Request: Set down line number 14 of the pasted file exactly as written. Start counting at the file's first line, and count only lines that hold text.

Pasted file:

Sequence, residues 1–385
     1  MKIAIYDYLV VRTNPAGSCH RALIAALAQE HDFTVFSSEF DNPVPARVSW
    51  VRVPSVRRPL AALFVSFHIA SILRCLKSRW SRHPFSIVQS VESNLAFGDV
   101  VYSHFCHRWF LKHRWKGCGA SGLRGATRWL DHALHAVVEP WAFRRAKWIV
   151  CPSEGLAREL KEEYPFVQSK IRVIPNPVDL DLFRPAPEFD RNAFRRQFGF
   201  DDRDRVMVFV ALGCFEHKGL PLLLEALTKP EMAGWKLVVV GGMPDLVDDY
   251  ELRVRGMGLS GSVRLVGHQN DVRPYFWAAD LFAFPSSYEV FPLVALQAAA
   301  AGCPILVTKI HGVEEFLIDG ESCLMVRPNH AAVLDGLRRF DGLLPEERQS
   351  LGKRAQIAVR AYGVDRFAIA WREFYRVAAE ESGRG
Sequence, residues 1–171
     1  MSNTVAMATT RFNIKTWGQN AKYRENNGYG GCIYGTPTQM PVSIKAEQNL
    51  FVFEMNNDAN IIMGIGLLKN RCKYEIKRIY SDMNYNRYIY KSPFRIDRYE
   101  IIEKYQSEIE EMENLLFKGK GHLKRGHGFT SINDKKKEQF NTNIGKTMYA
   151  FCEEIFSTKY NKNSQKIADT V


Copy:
   151  FCEEIFSTKY NKNSQKIADT V